The word saffron derives from the Arab word zafaran, meaning yellow. Saffron and Iran are uniquely linked together. Despite its small size, this spice is quite expensive, and is suitable for many applications. The undisputed capital for saffron production is Iran, where the tradition dates back over 3000 years. The country produces over 90% of the 250 tons produced worldwide each year, boosted by unique ecological conditions that deliver a strong-flavored, aromatic crop that is a staple of local cuisine, cosmetics and traditional medicine. Persian saffron is a natural spice also called Red Gold. It is globally known for its incomparable quality, fascinating fragrance, pleasant flavor, and superb coloring strength.
The scientific name for saffron is crocus sativus. It is both a bulbous and herbal plant. The lifespan of the saffron plant is 7 to 10 years. The brown bulb of the saffron plant belongs to the corm family. Each bulb grows into 6 to 9 thin, herbal leaves. In the autumn, one or two pink or purple colored flowers bloom from each corm. The pistil of the saffron flower is in the center and contains the ovary and the thin, yellow style growing inside. Saffron flowers have bright, red stigmas that are 20 to 30 mm in length. The stigma is the edible and commercial part of saffron. The stigma has many chemical components, such as: carbohydrates, minerals, vitamins, pigment (especially crocin), essence (especially safranal) and flavorings (especially picrocin).
Saffron seeds are planted in May or August, then irrigated with care, before the bright pink or violet flowers bloom for about three weeks from mid-October. The stigmas are separated and left to dry in sheds, or hung from the roof in special containers, and then crushed into powder. It takes a staggering 2000 to 3000 flowers to make about 15 g of saffron powder.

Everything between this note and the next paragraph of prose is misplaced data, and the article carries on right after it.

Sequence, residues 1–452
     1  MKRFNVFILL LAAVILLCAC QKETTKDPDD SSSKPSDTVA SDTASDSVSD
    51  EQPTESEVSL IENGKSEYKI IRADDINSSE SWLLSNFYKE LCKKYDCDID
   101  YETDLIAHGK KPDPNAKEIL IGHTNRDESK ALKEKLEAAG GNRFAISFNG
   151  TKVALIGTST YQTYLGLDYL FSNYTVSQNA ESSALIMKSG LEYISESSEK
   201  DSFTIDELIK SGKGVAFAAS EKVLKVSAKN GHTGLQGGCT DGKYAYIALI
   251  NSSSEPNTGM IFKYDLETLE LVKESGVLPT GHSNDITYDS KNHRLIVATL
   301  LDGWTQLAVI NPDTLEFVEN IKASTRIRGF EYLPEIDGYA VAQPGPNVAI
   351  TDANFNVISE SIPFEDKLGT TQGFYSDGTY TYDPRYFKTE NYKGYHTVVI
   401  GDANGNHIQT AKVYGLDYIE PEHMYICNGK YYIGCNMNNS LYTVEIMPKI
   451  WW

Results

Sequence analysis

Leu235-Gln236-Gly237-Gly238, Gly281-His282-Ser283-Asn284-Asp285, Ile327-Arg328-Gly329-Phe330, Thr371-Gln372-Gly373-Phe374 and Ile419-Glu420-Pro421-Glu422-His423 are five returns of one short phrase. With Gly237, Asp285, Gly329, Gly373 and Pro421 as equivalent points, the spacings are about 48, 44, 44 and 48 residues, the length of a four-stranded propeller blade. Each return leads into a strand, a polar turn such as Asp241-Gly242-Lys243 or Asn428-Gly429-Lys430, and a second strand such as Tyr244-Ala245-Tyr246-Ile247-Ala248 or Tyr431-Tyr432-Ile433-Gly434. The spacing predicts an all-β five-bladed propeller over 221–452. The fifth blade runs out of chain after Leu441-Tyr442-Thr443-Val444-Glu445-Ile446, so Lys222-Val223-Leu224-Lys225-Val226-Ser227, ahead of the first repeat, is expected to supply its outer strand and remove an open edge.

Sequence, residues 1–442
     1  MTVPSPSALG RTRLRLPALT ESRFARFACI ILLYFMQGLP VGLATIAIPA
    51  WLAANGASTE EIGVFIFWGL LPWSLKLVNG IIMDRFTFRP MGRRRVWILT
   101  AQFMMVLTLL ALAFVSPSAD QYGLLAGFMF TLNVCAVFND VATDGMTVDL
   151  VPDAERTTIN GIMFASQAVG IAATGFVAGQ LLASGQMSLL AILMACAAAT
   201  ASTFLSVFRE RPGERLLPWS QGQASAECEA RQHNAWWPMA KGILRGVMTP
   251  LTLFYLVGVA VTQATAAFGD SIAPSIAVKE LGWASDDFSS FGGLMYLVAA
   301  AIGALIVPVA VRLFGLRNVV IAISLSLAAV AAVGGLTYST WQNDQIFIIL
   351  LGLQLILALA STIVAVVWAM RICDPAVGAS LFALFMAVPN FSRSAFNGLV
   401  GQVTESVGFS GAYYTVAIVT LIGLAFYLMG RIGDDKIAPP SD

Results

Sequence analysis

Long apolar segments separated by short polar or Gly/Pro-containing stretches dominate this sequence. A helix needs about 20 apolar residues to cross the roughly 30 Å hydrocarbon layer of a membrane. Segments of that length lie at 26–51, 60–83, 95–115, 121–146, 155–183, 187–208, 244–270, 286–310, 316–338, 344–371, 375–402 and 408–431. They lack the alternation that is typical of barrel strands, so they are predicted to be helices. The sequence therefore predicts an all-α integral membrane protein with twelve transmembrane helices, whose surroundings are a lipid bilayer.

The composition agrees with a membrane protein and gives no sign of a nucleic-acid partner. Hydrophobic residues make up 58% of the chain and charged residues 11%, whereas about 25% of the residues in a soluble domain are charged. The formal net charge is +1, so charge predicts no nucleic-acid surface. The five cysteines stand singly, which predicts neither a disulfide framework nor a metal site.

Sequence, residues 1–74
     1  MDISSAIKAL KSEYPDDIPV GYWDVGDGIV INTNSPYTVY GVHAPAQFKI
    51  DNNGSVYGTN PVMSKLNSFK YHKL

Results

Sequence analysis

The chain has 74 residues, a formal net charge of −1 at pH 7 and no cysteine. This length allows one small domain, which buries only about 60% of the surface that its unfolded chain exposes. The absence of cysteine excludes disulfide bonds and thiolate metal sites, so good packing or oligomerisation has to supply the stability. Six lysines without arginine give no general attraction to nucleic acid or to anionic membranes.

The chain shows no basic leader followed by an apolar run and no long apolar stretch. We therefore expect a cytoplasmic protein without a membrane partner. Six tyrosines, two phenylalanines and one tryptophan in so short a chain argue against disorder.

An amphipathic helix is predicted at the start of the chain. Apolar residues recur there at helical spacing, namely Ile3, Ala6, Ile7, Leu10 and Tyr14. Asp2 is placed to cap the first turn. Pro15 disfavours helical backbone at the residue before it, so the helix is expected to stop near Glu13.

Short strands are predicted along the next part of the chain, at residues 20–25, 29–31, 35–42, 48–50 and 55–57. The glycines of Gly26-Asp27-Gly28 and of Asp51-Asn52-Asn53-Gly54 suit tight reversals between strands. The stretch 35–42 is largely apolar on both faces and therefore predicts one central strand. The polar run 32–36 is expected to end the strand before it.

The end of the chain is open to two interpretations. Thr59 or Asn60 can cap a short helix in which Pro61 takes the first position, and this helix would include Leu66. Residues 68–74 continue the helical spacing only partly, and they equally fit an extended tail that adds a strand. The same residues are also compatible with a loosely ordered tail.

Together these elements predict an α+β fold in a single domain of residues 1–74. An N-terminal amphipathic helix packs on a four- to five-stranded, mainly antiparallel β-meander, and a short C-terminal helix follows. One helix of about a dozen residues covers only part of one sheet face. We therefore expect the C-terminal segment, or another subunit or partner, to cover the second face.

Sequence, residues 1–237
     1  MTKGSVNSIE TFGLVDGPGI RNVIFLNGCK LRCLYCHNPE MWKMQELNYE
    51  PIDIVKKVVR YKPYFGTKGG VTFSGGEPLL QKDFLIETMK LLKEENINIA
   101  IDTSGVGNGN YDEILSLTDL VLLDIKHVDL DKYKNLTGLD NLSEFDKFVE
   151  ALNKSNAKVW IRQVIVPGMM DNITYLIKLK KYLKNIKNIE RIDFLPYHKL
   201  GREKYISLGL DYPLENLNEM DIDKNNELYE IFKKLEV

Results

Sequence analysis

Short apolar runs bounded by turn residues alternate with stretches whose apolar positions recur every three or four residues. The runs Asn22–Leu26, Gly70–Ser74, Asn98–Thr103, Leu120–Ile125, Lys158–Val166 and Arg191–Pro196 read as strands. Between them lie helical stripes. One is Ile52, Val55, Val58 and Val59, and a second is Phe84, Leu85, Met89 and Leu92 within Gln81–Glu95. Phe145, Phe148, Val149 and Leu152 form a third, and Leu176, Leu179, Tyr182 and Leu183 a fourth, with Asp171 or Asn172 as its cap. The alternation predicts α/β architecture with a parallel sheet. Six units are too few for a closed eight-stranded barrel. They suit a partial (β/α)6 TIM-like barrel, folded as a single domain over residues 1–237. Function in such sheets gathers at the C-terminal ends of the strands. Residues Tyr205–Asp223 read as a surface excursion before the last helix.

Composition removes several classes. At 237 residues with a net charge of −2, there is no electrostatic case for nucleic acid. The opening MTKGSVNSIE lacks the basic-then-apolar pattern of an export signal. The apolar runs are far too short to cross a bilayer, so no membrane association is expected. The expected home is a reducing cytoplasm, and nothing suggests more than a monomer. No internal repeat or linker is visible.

The main saffron cultivation areas in Iran are in eastern and southeastern parts of the country, the Khorassan Province region has managed to achieve an excellent position on the production and export of saffron over the years, to the extent that some 90% of saffron production in Iran is obtained from there. The Qayen region in this province is well-known for its quality saffron.
There are other regions in Iran with a history of cultivation but their production has been mainly for domestic consumption with minor role in the country’s export. These regions are in Fars Province, the EStajbanat mainly, and part of Kerman Province whose production is presently on the rise. In general, since the cultivation of saffron requires strong sunshine and warm climate with clayey or sandy land, the eastern part of Iran has a specially suitable environment for its cultivation. The land area under cultivation in Kerman is estimated at 6000 hectares.
I visited Iran with a slovenian agency and Ahmad Janati was our tour guide. I would definitely recommend him, as he possesses a huge amount of knowledge in history, politics, culture,... His English is very good, which makes things a lot easier for you when...More
My wife and I spent two weeks in Iran on tour with Ahmad in May this year. We so enjoyed his knowledge and company and driving us around to suit our interests. We also went to places like Kerman, Yazd, Shiraz, Isfahan and Tehran. One...More
The tour with Ahmad was part of a three week tour around ( part ) of the country. We have been in many places and met nice people. I have enjoyed my time. He knows the country and want to share it. Great ! I...More
Had a great time in Tehran with Ahmad Janati-he took us all over Tehran. It was an amazing experience. The people were so nice-even for a big city such as Tehran. Ahmad accommodated all of our requests for the things we were interested in seeing-Shah's...More
Sadly Americans can no longer visit Iran but if we could we would return immediately and of course spend our trip with Ahmad. He has extensive and thorough understanding of both the history and modern circumstances of this fascinating country. Ahmad is passionate about his...More
At the beginning we were scared to have a guide driving the two of us for two weeks. What if we don't like each other? It turned out that Ahmad is an excellent guide not because he possesses a lot of knowledge about his country...More
Kerman, Yazd, Shiraz, Isfahan, Kashan and Qom: for two weeks we were regaled with many insights into the fabulous centuries-old history of Iran. From the roots of the Zoroastrianism to the splendors of Persepolis, a journey through the country’s history is given more meaning when...More